Given their involvement in 2006's premier brainworm, Justice vs Simian's 'We Are Your Friends' – an anthem equally redolent of lovely people having a great time and wankers being dicks, and the kind of runaway track that could not have been more potentially stultifying for its makers – Simian Mobile Disco's catalogue of persistently inventive club records has been one of the revelations of Noughties dance music.
But where each of the duo's past LPs has explored a different sonic avenue to its predecessor, Unpatterns feels like less of a discrete instalment in a collection and more an accomplished blend of the two things James Ford and Jas Shaw do best – gigantic, open-armed, open-air pop, and femur-fracturing analogue techno.
Unpatterns' promo blurb deems it to have 'none of the poppiness of Attack, Decay, Sustain, Release... nor the orthodox dance dynamics of Delicacies', but I'd disagree on both counts. First single 'Seraphim' has as much of a swaying, sensual vocal take – daft fact: it's Cilla Black – as 'Hustler' or 'I Believe', or Temporary Pleasure's 'Cruel Intentions', while 'Interference', with its dead-weight thuds and disinterested gaze, is as scalpel-cold as some of Delicacies' cuts (if, admittedly, the lighter ones).
And when these two elements merge in one song, you get perhaps three of SMD's most masterful tracks so far – opener 'I Waited For You', centrepiece 'A Species Out of Control' and 'Put Your Hands Together', each a seamless splice of warm, expansive melody with unflinching drops that feel like bungee jumps.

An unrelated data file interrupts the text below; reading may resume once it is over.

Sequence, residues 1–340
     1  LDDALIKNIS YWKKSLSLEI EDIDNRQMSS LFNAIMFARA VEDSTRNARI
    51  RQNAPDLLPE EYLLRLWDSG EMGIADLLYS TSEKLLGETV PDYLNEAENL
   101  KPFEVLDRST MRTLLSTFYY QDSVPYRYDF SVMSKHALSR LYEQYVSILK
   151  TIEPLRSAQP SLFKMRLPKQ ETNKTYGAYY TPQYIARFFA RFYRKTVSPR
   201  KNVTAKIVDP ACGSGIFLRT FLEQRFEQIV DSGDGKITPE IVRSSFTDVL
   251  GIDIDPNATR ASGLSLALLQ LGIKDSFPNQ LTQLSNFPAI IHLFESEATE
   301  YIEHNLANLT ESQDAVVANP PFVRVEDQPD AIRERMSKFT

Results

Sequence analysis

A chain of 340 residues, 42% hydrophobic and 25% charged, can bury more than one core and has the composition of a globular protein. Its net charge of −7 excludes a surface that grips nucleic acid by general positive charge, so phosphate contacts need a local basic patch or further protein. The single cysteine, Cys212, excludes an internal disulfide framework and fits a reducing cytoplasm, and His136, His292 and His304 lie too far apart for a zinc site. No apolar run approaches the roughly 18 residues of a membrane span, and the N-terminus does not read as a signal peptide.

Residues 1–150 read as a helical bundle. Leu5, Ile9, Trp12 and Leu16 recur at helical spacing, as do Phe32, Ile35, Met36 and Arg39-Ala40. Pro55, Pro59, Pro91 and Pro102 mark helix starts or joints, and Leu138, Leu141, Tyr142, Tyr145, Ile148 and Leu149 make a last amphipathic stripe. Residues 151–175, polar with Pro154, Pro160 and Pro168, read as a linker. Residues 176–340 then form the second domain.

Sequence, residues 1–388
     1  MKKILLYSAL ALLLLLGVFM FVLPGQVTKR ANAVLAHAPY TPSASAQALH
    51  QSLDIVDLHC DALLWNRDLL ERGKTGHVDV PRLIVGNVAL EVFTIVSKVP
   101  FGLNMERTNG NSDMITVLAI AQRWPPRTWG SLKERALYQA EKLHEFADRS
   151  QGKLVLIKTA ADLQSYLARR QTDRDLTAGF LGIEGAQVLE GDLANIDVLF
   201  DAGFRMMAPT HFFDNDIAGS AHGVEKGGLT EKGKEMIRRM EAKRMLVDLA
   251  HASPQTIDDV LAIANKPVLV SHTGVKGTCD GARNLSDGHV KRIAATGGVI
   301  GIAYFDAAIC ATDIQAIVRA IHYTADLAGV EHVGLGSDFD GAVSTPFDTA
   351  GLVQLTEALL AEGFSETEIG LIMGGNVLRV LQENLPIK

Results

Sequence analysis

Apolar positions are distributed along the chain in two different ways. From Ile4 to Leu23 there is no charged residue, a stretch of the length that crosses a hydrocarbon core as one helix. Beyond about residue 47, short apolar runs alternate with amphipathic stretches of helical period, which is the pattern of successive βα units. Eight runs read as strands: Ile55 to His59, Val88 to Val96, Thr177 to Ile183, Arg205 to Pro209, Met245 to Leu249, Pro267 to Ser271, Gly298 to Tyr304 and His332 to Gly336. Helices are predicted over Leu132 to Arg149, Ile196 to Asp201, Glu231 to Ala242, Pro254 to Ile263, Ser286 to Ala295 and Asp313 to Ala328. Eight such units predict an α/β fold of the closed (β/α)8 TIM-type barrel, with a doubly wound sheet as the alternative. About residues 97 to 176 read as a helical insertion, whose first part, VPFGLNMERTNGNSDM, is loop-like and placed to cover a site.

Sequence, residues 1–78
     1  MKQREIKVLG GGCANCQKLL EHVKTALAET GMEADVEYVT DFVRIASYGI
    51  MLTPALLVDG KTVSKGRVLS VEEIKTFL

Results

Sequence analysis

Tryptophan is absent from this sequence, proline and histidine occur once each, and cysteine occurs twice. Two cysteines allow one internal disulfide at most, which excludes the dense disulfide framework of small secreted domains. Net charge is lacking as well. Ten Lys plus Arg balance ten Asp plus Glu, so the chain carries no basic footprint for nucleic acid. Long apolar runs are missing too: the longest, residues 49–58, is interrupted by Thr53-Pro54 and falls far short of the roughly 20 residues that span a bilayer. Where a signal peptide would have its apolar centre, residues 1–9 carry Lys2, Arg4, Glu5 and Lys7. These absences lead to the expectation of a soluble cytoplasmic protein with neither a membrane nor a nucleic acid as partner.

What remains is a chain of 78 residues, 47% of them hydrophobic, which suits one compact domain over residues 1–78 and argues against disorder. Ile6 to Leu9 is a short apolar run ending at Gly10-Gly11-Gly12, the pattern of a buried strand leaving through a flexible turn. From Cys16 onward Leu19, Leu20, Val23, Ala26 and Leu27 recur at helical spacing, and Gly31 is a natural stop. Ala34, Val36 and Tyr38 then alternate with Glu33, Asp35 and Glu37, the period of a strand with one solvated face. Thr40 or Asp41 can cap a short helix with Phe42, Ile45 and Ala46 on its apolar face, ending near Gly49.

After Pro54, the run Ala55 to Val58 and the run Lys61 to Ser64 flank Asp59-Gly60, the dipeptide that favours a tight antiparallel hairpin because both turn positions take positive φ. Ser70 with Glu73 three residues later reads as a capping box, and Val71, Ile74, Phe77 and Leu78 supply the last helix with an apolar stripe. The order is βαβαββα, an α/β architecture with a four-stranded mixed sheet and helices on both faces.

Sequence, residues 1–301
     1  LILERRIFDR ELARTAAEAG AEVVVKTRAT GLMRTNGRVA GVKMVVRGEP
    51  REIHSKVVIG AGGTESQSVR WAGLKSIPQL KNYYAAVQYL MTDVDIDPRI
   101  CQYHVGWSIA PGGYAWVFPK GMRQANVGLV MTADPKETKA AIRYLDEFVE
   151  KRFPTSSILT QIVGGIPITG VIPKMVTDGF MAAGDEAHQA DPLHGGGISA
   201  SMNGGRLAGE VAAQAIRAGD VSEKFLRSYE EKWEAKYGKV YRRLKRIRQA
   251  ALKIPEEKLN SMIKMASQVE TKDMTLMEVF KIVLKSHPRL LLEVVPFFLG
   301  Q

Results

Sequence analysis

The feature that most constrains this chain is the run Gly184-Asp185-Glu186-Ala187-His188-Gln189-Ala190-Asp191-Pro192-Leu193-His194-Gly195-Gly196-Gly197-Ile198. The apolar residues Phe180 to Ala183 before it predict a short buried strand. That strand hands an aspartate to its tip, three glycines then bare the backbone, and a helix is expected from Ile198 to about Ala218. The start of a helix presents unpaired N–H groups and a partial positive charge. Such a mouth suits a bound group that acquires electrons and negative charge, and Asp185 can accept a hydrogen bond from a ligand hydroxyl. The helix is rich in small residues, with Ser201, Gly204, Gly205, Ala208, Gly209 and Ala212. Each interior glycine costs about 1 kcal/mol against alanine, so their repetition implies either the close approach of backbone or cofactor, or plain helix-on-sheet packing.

Unsurprisingly, Unpatterns is seeped in the pair's watermark – that is, a dark, uneasy undercurrent that gives everything, even the more straightforward party tracks, an edge of the ominous. This sinister streak is most apparent in 'I Waited For You', whose minor key synths rorschach around like diseased blood under pinched skin, and in 'A Species Out Of Control', which shudders with the most chilling, metallic clangs that Ford and Shaw could strangle from their dashboard of vintage hardware.
This tightly controlled sense of threat, syringed out in timed doses, has always been SMD's strength – even the shivery peak of 'Put Your Hands Together' doesn't entirely forget those eyes glinting from the darker corners of the dancefloor, and instead of going out with a bang, the album finishes on 'Pareidolia's uncomfortable comedown of slow, jaundiced synth.
Unpatterns is not without fault – the closing trio of tracks is forgettable – but it contains perhaps some of the pair's best work, and anyone who loved the nastier side of Attack, Decay, Sustain, Release but balked at Delicacies' measured gore should get back on board.
8Lauren Strain's Score